Brain Pickings

Posts Tagged ‘illustration’

19 MARCH, 2015

Dear Data: Two Designers Visualize the Mundane Details of Daily Life in Magical Illustrated Postcards Mailed Across the Atlantic

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A celebration of the infinitesimal, incomplete, imperfect, yet exquisitely human details of life.

We live, they say, in the age of Big Data — algorithms trawl through vast databases of our digital trails seeking to extract insight on the human experience, from how we fall in love to what we read. But aggregating individual human lives into massive data sets and trying to extrapolate insight from the aggregate data that is valid for individual human lives is somewhat like taking an exquisite poem in English and running it through Google Translate to render into Japanese and then back into English. The result may have the vague contours of the original poem’s meaning, but none of its subtle magic and vibrant granular beauty.

But what if we could claim that beautiful granular humanity back from the homogenizing aggregate-grip of Big Data? That’s precisely what Giorgia Lupi, an Italian woman living in New York, and Stefanie Posavec, an American woman living in London, are doing in Dear Data — an extraordinary yearlong correspondence project that puts an imaginative twist on what Virginia Woolf termed “the humane art” through a series of analog self-portraits in data, drawn by hand and mailed on postcards.

A week of complaints (Lupi to Posavec)

A week of complaints (Posavec to Lupi)

Although Lupi and Posavec only met twice in person before the start of the project — both times at the wonderful EyeO Festival — they have a great deal of variables in common: Both are information designers known for working by hand; both have left their respective homeland to move across the Atlantic in pursuit of the creative life; both are only children, and they are the exact same age.

Giorgia Lupi

Stefanie Posavec

Every week, they each select one aspect of their daily lives — from their complaints to their spending habits to their use of mirrors — and itemize its components in a hand-drawn visualization on the back of a postcard, then mail it to the other. As if composing a Goldberg Variations of data, Lupi and Posavec deliberately use different visual metaphors and visualization techniques for each week’s postcard.

A week of clocks (Lupi to Posavec)

A week of clocks (Posavec to Lupi)

Both the process and the product are intensely human — each postcard takes time to design and time to read; it is simultaneously mundane and magical; it requires, on both ends, the sort of emotional attentiveness invoking Mary Oliver’s memorable assertion that “attention without feeling is merely a report.”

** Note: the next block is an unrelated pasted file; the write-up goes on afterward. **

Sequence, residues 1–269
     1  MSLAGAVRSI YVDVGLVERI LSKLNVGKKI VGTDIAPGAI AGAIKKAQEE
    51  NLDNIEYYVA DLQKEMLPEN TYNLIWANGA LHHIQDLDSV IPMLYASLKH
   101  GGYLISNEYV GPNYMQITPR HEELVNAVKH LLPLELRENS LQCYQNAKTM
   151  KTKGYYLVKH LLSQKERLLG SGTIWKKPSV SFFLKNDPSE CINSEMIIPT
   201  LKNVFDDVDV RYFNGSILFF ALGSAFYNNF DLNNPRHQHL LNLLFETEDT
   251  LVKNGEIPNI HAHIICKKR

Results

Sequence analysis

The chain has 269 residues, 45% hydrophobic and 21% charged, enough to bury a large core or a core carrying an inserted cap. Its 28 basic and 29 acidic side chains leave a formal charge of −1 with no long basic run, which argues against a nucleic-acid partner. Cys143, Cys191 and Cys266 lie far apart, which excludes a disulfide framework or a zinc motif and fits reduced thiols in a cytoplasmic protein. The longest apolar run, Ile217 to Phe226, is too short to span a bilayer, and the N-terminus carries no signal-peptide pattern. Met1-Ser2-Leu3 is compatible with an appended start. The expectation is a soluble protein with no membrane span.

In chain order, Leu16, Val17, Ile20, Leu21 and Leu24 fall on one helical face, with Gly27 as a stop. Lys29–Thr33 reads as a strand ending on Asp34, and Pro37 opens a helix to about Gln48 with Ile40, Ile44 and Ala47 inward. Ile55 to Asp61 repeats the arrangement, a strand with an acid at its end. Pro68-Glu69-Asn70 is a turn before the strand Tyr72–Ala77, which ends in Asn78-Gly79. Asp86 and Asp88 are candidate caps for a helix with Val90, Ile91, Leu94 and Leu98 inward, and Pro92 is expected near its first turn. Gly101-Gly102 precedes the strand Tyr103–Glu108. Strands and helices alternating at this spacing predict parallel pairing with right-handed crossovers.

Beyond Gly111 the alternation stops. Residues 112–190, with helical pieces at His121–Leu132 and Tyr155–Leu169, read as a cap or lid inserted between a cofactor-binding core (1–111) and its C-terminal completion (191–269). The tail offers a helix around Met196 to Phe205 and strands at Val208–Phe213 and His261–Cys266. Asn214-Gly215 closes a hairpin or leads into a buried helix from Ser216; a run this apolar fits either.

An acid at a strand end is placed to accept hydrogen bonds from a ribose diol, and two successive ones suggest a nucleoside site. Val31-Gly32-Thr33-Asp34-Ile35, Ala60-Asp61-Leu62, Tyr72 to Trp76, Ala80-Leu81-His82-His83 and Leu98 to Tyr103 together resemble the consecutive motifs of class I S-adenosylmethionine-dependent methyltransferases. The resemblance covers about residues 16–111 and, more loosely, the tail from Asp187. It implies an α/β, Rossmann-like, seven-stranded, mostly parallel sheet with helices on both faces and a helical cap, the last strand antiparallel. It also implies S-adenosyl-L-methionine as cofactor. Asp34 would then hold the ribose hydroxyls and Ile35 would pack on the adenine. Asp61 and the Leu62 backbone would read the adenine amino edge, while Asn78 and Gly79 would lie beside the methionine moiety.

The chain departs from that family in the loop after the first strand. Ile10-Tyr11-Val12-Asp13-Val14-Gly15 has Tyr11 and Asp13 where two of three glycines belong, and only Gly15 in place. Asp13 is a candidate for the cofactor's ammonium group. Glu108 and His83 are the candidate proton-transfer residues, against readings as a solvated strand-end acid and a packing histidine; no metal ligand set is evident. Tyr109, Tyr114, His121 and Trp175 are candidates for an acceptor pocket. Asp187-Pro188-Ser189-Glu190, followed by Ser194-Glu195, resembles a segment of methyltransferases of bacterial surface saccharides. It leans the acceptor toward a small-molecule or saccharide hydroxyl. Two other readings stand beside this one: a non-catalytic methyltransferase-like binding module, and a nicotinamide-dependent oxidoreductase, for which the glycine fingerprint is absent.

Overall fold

A week of purchases (Lupi to Posavec)

A week of purchases (Posavec to Lupi)

What emerges is a case for the beauty of small data and its deliberate interpretation, analog visualization, and slow transmission. Obliquely reminiscent of A Year of Mornings and Edward Gorey’s illustrated envelopes, yet wholly original, the project is a celebration of the infinitesimal, incomplete, imperfect, yet exquisitely human details of life.

A week of phone addiction (Lupi to Posavec)

A week of phone addiction (Lupi to Posavec)

The result is an immensely pleasurable duet of sensibilities — side by side, Posavec’s signature spatial poetics and Lupi’s mastery of shape and color elevate one another to a higher plane of delight. Amid an the epidemic of infoporn, the project presents a kind of tender data-lovemaking.

New postcards are uploaded to Dear Data every Wednesday in 2015. Publishers, nota bene — this is the kind of project begging to be a beautiful book.

All images courtesy of Giorgia Lupi and Stefanie Posavec

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17 MARCH, 2015

Sidewalk Flowers: An Illustrated Ode to Presence and the Everyday Art of Noticing in a Culture of Productivity and Distraction

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A gentle wordless celebration of the true material of aliveness.

“How we spend our days, of course, is how we spend our lives,” Annie Dillard wrote in her magnificent defense of living with presence. But in our age of productivity, we spend our days running away from boredom, never mind its creative and spiritual benefits, and toward maximum efficiency. Under the tyranny of multitasking, the unitasking necessary for the art of noticing has been exiled from our daily lives. And yet, as we grow increasingly disillusioned with the notion of “work/life balance,” something in our modern souls is aching for the resuscitation of this dying capacity for presence. That capacity is especially essential in parenting, where the cultural trope of the device-distracted parent is an increasingly disquieting pandemic.